Residing in The Hague, I am surrounded by 11 kilometers of stunning coastline that features picturesque dunes and sandy shores. During summer, it’s common to find locals at Scheveningen or Kijkduin, the city’s most popular beaches, basking in the sun, taking leisurely walks, or cycling before settling on one of the many benches available. They might be reading, conversing with friends, or simply engaging in the act of niksen.
Niksen, a Dutch wellness trend translating to “doing nothing,” gained global attention in 2019 as a method for managing stress and recovering from burnout. At that time, many people were seeking relief from fatigue and depression caused by overwork, leading to the adoption of concepts like Japanese ikigai or Danish hygge. As a linguist, I appreciated how the idea of doing nothing could be conveyed in a single, easy-to-pronounce word.
In my book, Niksen: Embracing the Dutch Art of Doing Nothing, I describe it as “doing nothing without a purpose” – not mindlessly scrolling through Facebook or meditating. While mindfulness focuses on being present in the moment, niksen is about setting aside time to simply exist, allowing your mind to wander freely. In our post-pandemic world, reevaluating how we work and utilize our time is crucial.
From a linguistic standpoint, the verb “niksen” (doing nothing) is derived from “niks,” meaning “nothing.” According to Monique Flecken, a psycholinguist at the University of Amsterdam, “It fits with the tendency of the Dutch language to create verbs out of nouns,” such as “voetbal” (football) becoming “voetballen” (playing football), or “internet” turning into “internetten.” She adds, “The Dutch are a practical, direct people and their language reflects that.”
In the Netherlands, niksen can have both positive and negative connotations. Flecken explains that a parent might ask their child, “Zit je weer te niksen?” (Are you doing nothing again?), while someone might also say “lekker niksen,” translating to “delicious doing nothing,” when referring to an evening blissfully devoid of tasks or work.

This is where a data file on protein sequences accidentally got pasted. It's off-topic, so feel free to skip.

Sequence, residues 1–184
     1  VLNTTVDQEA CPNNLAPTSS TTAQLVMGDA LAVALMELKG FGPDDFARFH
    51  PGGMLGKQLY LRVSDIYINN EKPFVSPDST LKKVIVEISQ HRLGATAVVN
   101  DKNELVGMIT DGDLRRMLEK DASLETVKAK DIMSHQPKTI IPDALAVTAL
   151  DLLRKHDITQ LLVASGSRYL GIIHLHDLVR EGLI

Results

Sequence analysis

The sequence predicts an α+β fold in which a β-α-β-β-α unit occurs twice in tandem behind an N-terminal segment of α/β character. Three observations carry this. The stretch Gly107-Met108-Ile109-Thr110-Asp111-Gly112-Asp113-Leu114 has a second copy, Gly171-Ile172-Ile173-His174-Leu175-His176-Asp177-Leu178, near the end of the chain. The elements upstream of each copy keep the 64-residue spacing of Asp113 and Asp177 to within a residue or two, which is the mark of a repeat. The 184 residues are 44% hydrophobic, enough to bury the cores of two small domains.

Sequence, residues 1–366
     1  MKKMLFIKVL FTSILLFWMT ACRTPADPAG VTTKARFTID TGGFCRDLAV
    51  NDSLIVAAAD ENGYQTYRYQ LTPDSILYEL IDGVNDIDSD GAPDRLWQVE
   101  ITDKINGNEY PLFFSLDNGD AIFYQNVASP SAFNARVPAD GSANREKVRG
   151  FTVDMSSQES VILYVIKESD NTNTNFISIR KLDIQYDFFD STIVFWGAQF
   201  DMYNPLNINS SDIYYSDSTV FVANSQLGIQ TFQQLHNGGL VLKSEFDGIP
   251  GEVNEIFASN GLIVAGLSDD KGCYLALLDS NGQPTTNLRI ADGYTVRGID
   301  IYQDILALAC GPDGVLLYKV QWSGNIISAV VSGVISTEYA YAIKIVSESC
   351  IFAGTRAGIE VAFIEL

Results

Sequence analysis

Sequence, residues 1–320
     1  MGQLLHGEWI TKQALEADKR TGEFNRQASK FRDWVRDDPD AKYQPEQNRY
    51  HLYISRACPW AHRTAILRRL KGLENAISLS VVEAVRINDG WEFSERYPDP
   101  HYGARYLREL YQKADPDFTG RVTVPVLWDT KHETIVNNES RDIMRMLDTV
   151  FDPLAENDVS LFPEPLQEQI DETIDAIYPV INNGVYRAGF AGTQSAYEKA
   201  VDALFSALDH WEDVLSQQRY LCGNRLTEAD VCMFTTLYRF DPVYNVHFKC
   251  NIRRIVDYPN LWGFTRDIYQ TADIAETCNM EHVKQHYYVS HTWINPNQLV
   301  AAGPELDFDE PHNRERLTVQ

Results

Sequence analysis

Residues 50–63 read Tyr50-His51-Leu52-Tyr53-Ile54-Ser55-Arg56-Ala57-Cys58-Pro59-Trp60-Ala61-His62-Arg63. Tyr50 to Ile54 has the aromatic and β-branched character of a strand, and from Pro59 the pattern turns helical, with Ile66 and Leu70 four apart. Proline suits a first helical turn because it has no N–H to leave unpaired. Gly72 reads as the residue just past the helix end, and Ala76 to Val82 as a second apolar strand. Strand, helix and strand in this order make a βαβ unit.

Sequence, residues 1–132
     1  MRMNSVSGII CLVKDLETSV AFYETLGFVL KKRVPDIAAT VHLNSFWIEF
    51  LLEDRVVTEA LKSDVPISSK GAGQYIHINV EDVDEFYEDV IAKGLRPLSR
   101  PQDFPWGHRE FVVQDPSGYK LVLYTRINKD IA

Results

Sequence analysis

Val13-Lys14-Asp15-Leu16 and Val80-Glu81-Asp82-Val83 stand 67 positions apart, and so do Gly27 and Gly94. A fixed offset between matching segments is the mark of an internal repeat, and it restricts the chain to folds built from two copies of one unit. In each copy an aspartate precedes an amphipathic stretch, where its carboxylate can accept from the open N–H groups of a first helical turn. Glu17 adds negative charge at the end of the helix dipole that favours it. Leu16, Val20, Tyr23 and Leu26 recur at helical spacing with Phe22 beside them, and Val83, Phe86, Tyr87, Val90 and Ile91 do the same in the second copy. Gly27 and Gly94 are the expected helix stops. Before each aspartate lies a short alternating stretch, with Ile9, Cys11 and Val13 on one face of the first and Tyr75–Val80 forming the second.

Psychologist and author Thijs Launspach defines niksen as “doing nothing or occupying yourself with something trivial as a way of enjoying your own time.” He notes that this concept is more applicable to older individuals with unstructured free time, whereas younger generations in the Netherlands – a country known for its work-life balance – are more stressed than ever.
Launspach attributes this stress to various factors: “Our lives and our jobs have become increasingly complex. We tend to spend a lot of time with computers. There is a lot of pressure on being the best version of yourself, be it in our jobs, or the expectations of parents [or] from social media. There is a lot of pressure to perform.”
Stress, as Bernet Elzinga, a psychology professor at Leiden University, points out, isn’t always detrimental. “It’s not necessarily bad to be for a moment in a state of stress, where you’re really on and focused. The problem is when this is getting out of hand,” she remarked. However, niksen can offer a solution by allowing the mind to wander and reflect, connecting us to our default mode network.
Interestingly, engaging in niksen can boost productivity, as taking breaks enables our brains to rest and refocus. This might explain why the Dutch, despite not working long hours, are highly efficient at work. In the Netherlands, the prevailing attitude is “just be normal, that’s already crazy enough,” discouraging overtime and reflecting the country’s honest and egalitarian culture.
This approach appears to be effective, as the Dutch are renowned for their creativity and innovation – from famous painters like Rembrandt, Vermeer, and Escher to inventive flood control measures like massive dams and floating houses.
The Dutch also value enjoyment, as evidenced by the word lekker, meaning “delicious,” but applicable to anything pleasant, such as lekker warm, lekker slapen, and lekker niksen. Their focus on leisure makes it easier for people to do nothing more effortlessly. Locals often spend their time actively, cycling or hiking, and flocking to cafes and terraces whenever the sun emerges, even in winter. These spaces are ideal for practicing niksen.
However, Launspach remains skeptical of using niksen as a stress prevention strategy. “I’m a little bit skeptical of the idea that you should create a buffer between you and stress. I don’t know if that’s even possible in the way that we live and work now,” he stated. Elzinga, on the other hand, believes engaging in physical activity in nature is a better way to distract from daily concerns.
Fortunately, the Netherlands offers opportunities to combine niksen, nature, and movement. The Dutch cherish their limited natural areas, with many dune spaces forming part of an extensive network of hiking and cycling routes across the country. Even in larger cities like Rotterdam, The Hague, or Amsterdam, trails are never too far away.
In collaboration with the Dutch Railway system, Wandelnet has developed NS Wandelingen, a series of easily accessible hiking routes via public transport. With distances ranging from 7 to 22 kilometers, these routes are perfect for day trips, and the numerous benches along the way provide opportunities for niksen breaks.
The Dutch can enjoy such leisure time thanks to their excellent welfare system and balance between hard work and ample days off. “Having a good social support system, having lower stress level relates to feeling secure and in balance. So, I wouldn’t overestimate the importance of that,” said Elzinga. Given the ongoing global challenges – the Covid-19 pandemic and the war in Ukraine – stress relief is more vital than ever.